Sequoia dramatically revamps its fund structure as it looks to rethink the venture capital model

Sequoia Capital is launching a major adjustment in approach in order to maximize returns despite rising competition in the startup funding industry. In a blog post today, the venerable venture capital company revealed that it is breaking with history, discarding the typical fund structure and its artificial timetables for returning LP investments. According to the article by long-time GP Roelof Botha, the firm’s future investments would shortly all flow through a “single, permanent framework” dubbed The Sequoia Fund:

  • Our LPs will now put their money into The Sequoia Fund, an open-ended liquid portfolio made up of public interests in a number of our long-term businesses. The Sequoia Fund will then distribute cash to a series of closed-end sub funds that will make venture investments at all stages of development, from start-up to IPO.

Sequoia’s U.S. and European-focused funds will be the only ones to benefit from these adjustments; the India and China-focused funds will not. The 10-year return cycles are no longer in use, which drove investors to liquidate their public company shares based on predetermined timetables rather than when investments had completely matured. Sequoia claims that investments would no longer have “expiration dates,” instead recycling earnings from startup bets back into its core fund, which will be re-invested in future ventures — a “constant feedback loop,” according to the business. It is a shift that might better match investor motivations with those of founders, who will face the less external temptation to take early departure options under this model:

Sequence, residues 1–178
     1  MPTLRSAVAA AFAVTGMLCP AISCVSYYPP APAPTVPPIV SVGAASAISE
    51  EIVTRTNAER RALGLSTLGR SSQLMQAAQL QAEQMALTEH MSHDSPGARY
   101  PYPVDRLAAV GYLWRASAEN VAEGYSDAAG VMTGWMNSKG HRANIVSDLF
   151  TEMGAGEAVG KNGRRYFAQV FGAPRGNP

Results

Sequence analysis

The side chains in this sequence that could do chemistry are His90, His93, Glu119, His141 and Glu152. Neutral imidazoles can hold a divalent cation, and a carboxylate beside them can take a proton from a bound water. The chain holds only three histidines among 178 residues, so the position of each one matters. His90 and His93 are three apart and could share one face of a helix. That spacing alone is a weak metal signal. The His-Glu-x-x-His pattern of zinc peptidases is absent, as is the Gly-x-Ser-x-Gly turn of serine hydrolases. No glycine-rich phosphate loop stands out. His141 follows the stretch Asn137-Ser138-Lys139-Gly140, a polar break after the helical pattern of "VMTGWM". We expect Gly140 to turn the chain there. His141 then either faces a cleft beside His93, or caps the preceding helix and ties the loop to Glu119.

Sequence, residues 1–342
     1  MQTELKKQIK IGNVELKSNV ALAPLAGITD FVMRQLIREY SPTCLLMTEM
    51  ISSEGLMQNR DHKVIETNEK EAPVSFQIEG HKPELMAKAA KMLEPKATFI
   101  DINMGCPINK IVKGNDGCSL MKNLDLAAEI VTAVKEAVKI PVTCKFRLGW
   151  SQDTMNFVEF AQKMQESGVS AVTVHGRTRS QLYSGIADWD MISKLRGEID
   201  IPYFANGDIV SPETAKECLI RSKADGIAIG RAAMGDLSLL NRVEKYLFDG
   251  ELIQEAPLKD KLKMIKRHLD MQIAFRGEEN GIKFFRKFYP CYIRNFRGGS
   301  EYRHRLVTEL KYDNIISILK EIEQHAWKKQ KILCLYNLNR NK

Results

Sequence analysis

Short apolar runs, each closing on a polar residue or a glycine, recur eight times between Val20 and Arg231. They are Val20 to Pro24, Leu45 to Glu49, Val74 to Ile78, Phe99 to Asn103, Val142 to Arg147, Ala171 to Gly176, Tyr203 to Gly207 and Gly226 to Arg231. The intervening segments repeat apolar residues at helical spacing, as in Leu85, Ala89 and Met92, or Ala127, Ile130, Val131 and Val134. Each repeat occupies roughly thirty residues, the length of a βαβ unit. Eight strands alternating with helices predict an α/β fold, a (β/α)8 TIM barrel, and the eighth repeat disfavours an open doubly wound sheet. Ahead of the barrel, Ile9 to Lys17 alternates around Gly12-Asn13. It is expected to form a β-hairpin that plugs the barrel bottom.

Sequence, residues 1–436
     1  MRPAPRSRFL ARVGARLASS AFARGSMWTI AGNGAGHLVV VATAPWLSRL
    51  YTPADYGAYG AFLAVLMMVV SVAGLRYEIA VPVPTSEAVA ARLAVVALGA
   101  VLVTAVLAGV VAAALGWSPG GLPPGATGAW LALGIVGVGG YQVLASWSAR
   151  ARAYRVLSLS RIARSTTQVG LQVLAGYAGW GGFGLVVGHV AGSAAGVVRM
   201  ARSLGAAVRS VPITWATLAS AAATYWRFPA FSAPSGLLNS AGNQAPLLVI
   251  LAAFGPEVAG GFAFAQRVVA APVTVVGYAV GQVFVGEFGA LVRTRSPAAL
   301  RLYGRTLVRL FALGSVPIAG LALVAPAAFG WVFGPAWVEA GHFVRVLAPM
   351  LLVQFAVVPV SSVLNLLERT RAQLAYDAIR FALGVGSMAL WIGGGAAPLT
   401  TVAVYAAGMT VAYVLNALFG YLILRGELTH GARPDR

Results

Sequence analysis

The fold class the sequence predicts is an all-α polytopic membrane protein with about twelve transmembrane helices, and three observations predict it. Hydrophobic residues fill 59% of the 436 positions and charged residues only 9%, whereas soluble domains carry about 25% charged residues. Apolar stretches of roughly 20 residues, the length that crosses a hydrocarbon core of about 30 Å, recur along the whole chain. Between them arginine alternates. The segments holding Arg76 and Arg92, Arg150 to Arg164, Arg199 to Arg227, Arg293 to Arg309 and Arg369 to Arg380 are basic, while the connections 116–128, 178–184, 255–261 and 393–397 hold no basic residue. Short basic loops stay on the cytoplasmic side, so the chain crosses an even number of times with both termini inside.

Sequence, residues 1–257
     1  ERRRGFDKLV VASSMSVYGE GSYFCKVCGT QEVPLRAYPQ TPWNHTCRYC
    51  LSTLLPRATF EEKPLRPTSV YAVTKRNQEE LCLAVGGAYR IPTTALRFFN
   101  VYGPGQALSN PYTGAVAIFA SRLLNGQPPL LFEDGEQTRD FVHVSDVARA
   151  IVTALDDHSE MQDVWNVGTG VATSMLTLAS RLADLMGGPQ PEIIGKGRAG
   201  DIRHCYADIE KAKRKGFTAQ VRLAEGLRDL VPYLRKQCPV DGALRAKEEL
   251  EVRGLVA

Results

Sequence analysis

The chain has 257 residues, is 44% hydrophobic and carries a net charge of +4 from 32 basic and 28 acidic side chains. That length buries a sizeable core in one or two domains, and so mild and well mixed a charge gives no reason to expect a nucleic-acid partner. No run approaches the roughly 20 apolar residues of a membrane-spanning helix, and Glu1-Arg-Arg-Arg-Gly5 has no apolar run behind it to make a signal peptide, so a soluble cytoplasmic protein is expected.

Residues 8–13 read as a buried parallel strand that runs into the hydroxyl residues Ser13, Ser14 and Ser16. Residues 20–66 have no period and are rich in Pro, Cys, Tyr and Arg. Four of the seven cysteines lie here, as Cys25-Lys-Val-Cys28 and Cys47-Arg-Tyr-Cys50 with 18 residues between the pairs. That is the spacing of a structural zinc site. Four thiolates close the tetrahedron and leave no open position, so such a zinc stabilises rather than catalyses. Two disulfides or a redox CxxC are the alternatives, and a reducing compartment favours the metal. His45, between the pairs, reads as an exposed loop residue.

Sequoia dramatically revamps its fund structure as it looks to rethink the venture capital model
  • The 10-year fund cycle made sense once upon a time. However, the assumptions on which it built are no longer valid, resulting in the premature termination of important ties and the misalignment of firms and their investment partners.

This shift will provide Sequoia far more freedom in deploying funds from the core structure to “Sub Funds” focused on a certain stage or industry, in addition to the change in return deadlines. LPs will give the option to relocate a portion of their commitment in The Sequoia Fund to new Sub Funds, according to Sequoia.

Sequoia also revealed that they had become registered financial advisors as part of the announcement (RIA). In recent years, both General Catalyst and Andreessen Horowitz became RIAs, giving them additional freedom in funding non-traditional assets outside of private markets. A shift lets these organizations adapt to changing market conditions, such financing public companies during periods of high public debuts and capitalizing on startup company capitalization trends like coin offerings.

It is a substantial shift from Sequoia’s long-standing venture capital approach and a huge adjustment for the fund’s limited partners that smaller businesses without Sequoia’s long-term reputation would struggle to make. It also demonstrates how private equity behemoths like Tiger have driven historic venture capital organizations to look internally and make significant adjustments in order to stay competitive.